The negligence of a driver who ran over and killed a teen near Harding High School in July began when the man got in his vehicle that day despite a disabling condition, the judge in the case said Wednesday.
Ramsey County District Judge John Van de North rejected a defense motion to acquit Carlos Viveros-Colorado, on trial for criminal vehicular homicide in the death of Clarisse Grime, 16, and criminal vehicular operation in connection with her injured boyfriend, Eduardo Vazquez-Torres, 17.
Viveros-Colorado waived his right to a jury trial, and the judge is to render a verdict next Wednesday.
Van de North said there was enough evidence for him to decide whether Viveros-Colorado, 51, of St. Paul, was grossly negligent, which is the conduct required for the criminal vehicular charges.
"He was aware of a pre-existing, intermittently disabling condition with respect to driving," Van de North said.
He added that Viveros-Colorado testified that he "was driving out of necessity because of his work and hoped he could get home."
Defense attorney Alberto Miera argued that the state didn't prove gross negligence and suggested that the judge consider a lesser charge.
Viveros-Colorado's sport-utility vehicle hit the couple as they sat waiting for a bus July 5 in grass along E. 3rd Street after summer school.
Viveros-Colorado testified that in the months leading up to the accident, numbness would come and go in his legs and left arm, and that he would rub his legs for 15 minutes before he could use them.
He said his right leg went numb and his foot "fell" on his accelerator when he tried to brake that day.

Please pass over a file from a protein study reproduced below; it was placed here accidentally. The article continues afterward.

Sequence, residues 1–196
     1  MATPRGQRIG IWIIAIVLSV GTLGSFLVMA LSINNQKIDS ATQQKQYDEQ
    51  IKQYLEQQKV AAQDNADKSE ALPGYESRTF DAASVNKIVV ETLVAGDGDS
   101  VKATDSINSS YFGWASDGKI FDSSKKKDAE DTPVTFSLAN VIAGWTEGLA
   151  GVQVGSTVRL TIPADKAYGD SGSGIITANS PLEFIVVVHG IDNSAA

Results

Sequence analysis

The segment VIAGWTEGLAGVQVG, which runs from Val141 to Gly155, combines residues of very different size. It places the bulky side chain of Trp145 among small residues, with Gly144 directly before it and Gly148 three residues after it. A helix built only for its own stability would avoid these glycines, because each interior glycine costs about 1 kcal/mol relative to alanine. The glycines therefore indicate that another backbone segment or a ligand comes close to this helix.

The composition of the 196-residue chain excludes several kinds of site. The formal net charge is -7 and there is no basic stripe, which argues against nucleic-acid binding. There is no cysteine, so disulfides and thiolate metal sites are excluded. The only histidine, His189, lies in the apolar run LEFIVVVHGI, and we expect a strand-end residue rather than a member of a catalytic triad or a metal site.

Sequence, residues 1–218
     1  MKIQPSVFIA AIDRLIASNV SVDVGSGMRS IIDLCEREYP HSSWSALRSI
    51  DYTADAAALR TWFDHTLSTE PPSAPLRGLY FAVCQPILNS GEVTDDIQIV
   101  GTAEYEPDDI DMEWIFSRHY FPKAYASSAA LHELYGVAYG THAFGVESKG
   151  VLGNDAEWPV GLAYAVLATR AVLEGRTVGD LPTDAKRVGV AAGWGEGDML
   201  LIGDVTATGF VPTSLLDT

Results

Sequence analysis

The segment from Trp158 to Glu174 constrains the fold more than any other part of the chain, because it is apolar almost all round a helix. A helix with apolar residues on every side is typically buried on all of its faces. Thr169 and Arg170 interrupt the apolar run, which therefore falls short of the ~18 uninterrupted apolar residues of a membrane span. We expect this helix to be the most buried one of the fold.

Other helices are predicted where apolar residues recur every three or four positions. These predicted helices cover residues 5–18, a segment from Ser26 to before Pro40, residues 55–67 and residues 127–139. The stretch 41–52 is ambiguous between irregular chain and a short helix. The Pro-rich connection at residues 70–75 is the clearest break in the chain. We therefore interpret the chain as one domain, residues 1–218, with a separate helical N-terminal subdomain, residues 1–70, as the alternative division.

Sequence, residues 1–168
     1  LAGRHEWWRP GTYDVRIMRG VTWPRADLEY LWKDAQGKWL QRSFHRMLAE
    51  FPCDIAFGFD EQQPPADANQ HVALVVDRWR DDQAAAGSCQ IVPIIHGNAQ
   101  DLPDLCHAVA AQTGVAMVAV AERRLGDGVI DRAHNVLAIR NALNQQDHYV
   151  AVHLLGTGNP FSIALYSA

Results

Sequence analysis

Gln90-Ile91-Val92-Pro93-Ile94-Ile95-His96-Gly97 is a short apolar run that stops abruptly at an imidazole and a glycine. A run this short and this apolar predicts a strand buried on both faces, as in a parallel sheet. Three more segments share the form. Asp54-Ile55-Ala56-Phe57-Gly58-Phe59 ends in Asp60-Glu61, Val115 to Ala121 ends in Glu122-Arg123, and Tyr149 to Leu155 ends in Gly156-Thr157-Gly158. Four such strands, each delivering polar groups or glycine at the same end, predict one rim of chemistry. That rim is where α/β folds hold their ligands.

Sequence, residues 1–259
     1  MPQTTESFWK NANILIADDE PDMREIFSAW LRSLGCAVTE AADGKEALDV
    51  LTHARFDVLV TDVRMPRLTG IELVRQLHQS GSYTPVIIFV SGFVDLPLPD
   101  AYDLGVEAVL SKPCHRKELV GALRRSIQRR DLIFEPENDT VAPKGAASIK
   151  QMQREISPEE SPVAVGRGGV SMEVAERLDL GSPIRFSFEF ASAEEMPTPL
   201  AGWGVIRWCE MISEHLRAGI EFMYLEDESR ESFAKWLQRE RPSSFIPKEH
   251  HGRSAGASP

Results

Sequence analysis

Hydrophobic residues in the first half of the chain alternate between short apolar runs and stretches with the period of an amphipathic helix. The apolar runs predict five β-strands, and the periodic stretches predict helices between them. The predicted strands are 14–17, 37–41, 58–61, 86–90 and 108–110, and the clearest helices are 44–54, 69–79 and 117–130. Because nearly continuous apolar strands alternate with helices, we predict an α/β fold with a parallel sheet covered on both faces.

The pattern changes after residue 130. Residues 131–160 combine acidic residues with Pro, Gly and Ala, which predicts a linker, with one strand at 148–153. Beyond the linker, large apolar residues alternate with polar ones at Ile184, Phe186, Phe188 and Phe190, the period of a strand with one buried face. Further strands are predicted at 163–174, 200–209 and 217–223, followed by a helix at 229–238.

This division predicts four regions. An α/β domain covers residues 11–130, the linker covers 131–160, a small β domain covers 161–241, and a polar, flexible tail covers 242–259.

Van de North said that negligence, and perhaps gross negligence, likely occurred on a continuum beginning when Viveros-Colorado got into his vehicle near Hwy. 61 and 70th Street in St. Paul Park to drive home.
He had fallen ill while working an early morning shift at a bakery, and Van de North said the numbness apparently returned at the top of a hill on E. 3rd Street near the school.
"At no time did he take any corrective action to what he told others was a prior condition that paralyzed part of his body for as long as 15 minutes," the judge said.
Van de North noted testimony that the SUV swerved into the oncoming lane three or four times. "Why didn't he pull over to the side of the road?" the judge asked.
Prosecutor Elizabeth Lamin said that the Ford Expedition was a weapon in Viveros-Colorado's hands. The SUV was on the wrong side of the street and speeding when he ran over a curb, fire hydrant, another curb and a sign before striking Grime, the prosector said.
Vazquez-Torres was injured jumping out of the way.
Lamin said Viveros-Colorado offered no medical evidence to support his claims of numb legs. She said he couldn't recall details and kept changing his story.
Joy Powell • 651-925-5038